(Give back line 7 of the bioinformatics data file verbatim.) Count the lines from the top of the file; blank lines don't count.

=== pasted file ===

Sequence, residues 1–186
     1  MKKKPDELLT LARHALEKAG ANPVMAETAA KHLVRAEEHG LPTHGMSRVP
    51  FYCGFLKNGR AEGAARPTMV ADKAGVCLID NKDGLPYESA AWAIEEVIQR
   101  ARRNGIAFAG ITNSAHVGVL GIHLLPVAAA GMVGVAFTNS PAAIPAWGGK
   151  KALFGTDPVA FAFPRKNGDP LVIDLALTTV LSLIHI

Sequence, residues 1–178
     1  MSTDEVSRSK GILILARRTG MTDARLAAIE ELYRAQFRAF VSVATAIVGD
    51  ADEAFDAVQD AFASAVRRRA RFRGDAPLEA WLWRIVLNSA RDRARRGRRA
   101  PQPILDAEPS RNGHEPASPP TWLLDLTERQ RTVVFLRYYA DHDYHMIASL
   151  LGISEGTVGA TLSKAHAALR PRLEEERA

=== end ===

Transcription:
     1  MSTDEVSRSK GILILARRTG MTDARLAAIE ELYRAQFRAF VSVATAIVGD